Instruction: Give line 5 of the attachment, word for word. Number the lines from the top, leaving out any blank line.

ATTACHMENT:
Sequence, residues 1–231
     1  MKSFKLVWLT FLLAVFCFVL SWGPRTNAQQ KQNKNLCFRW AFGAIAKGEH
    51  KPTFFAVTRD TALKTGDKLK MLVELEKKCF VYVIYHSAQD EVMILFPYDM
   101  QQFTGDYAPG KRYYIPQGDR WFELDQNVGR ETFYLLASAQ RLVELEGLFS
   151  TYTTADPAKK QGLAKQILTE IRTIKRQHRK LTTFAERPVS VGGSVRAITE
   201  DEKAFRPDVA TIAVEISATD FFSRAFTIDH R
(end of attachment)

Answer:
   151  TYTTADPAKK QGLAKQILTE IRTIKRQHRK LTTFAERPVS VGGSVRAITE